Breshkovsky was transported to St Petersburg, where, at 30, she was the oldest of 37 women held in the House of Preliminary Detention, all accused of political offences. Her defiant behaviour in the dock during the Trial of the 193, when she refused to recognise the court's authority and announced that she was proud to belong to 'the Russian socialistic and revolutionary party' led to her being convicted and sentenced to five years katorga (penal labour), whereas other female defendants, including the future regicide Sophia Perovskaya, were acquitted.

She was, reputedly, the first woman in Russia sentenced to katorga for a political offence, which earned her the respect of other revolutionaries. Her friend, Maria Kolenkina, was so incensed that she planned to kill the man who prosecuted Breshkovsky, but was foiled. Sergei Kravchinsky described her as "passionate and prophetic", but Perovskaya reportedly treated her "very coldly", finding her "extreme".

In 1879, Breshkovsky's sentence was commuted to exile in the Transbaikal region of Siberia. In 1881, she escaped, but was recaptured and sentenced to another four years katorga in the mines in Kara katorga, and to 40 lashes. but the local authorities did not dare carry out the flogging, for fear of reprisals. She was exiled again to Seleginsk village, in Transbaikal where the American journalist and explorer George Kennan interviewed her in 1885.

Kennan was later quoted as saying: "All my standards of courage, of fortitude, and of heroic self-sacrifice have been raised for all time, and raised by the hand of a woman".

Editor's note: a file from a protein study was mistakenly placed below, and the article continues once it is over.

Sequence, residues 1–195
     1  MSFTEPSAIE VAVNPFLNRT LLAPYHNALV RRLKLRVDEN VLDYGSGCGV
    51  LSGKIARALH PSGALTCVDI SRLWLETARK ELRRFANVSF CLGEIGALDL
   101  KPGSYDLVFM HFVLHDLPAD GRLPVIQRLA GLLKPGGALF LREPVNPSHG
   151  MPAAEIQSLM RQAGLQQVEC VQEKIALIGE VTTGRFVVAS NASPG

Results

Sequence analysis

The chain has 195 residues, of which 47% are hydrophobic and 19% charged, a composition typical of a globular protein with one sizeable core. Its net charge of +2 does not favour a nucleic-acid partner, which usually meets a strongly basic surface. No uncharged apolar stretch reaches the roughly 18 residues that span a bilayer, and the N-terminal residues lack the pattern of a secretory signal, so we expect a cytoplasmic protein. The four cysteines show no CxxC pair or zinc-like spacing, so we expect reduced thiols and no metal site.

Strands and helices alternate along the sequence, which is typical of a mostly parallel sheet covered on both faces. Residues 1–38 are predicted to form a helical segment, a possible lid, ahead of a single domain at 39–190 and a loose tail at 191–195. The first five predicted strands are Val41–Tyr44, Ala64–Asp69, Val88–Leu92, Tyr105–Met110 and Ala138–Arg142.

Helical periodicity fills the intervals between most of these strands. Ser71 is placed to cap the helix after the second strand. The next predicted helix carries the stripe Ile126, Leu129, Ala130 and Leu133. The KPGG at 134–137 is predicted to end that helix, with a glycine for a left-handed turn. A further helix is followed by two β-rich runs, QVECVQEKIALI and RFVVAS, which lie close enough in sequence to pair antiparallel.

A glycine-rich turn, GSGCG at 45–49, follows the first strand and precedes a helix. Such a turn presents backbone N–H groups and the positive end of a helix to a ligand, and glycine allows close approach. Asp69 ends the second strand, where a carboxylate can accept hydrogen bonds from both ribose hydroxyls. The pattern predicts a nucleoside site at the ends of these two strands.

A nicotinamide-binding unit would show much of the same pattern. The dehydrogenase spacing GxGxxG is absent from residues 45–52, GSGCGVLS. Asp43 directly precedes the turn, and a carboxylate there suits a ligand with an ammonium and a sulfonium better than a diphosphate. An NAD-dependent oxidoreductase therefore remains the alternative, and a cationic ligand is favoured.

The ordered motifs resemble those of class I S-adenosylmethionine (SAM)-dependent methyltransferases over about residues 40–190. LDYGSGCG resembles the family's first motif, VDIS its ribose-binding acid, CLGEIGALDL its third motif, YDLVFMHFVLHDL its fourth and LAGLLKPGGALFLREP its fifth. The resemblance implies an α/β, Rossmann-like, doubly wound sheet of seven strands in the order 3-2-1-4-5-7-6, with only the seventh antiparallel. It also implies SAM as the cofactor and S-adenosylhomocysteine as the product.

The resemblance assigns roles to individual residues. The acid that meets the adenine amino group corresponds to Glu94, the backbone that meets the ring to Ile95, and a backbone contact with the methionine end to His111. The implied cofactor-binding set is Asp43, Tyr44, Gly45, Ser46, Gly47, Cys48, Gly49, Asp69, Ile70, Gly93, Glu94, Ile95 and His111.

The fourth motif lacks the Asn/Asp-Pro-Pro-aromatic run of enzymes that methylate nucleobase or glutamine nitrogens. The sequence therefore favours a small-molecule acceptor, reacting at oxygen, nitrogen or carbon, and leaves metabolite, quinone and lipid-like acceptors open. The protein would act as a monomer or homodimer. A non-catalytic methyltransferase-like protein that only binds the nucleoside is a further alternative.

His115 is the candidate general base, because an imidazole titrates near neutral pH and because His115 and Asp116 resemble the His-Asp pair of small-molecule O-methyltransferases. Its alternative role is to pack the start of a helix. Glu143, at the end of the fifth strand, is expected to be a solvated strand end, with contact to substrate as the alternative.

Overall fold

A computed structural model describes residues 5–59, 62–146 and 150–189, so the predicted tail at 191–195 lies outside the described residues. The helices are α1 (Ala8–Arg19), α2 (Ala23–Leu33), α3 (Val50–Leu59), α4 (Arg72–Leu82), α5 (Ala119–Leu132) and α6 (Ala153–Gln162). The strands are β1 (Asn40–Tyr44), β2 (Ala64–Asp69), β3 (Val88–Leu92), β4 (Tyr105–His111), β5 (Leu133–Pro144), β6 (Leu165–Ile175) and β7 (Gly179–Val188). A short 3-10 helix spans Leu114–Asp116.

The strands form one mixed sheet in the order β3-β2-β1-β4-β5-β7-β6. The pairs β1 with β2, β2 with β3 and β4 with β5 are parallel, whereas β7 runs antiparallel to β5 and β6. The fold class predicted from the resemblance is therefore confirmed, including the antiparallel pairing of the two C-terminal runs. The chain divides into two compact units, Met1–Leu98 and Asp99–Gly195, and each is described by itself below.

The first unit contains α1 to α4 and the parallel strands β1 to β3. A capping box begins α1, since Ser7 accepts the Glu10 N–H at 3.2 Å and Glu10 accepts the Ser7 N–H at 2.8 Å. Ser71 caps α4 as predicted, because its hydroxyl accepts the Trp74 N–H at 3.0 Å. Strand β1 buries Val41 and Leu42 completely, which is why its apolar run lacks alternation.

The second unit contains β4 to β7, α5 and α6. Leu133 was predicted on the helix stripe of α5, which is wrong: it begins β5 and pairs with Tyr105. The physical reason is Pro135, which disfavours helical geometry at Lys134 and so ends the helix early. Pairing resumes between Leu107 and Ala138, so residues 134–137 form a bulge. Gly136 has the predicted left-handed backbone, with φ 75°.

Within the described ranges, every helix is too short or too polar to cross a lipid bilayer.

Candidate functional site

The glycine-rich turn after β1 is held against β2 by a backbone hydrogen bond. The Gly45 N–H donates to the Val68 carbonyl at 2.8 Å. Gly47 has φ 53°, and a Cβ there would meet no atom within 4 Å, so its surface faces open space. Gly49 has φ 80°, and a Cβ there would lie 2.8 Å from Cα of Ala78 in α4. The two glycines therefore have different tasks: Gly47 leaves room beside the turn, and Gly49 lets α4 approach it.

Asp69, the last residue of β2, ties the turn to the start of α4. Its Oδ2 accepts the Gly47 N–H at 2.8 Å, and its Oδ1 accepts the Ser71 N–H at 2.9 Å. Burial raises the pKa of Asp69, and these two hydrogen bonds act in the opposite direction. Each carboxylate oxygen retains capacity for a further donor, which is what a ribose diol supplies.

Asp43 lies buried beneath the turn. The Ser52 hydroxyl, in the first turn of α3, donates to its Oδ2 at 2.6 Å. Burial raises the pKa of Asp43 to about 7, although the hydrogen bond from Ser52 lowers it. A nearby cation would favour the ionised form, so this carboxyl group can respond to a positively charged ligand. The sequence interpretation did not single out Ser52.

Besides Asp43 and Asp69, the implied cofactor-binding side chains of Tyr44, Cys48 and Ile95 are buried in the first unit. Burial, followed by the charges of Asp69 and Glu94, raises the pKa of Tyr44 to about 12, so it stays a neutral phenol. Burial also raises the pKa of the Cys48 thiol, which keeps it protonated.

The Socialist Revolutionary Party

Breshkovsky was released in 1896, after 22 years in prison or exile, under an amnesty marking the coronation of the Nicholas II, the last Tsar of Russia. With some difficulty, she made contact with revolutionaries still at large, most of whom were many years younger than her. The most important was Grigory Gershuni, who was 26 years her junior. The two of them led a revival of the populist movement in Minsk, in 1897, where "Breshkovskaya had a large following among the youth of the Minsk gymnasia; Gershuni led another group which debated tactical questions."

This was one of several groups brought together in 1901 to form the Socialist-Revolutionary Party. She and Gershuni then spent two years travelling illegally around Russia, organising the new party. "There existed a kind of division of labour between them: Breshkovskaya, like a 'Holy Ghost of the Revolution' flitted about the country, proselytising and inciting everywhere the revolutionary temper of the youth; Gershuni usually followed in her tracks and turned to practical account the enthusiasm she aroused." When Gershuni was arrested, in May 1903, she escaped abroad via Roumania, to Geneva.

Drawing by Marguerite Martyn of Catherine Breshkovsky with cigarette in 1919
Breshkovsky as sketched by Marguerite Martyn of the St. Louis Post-Dispatch in 1919

U.S. tour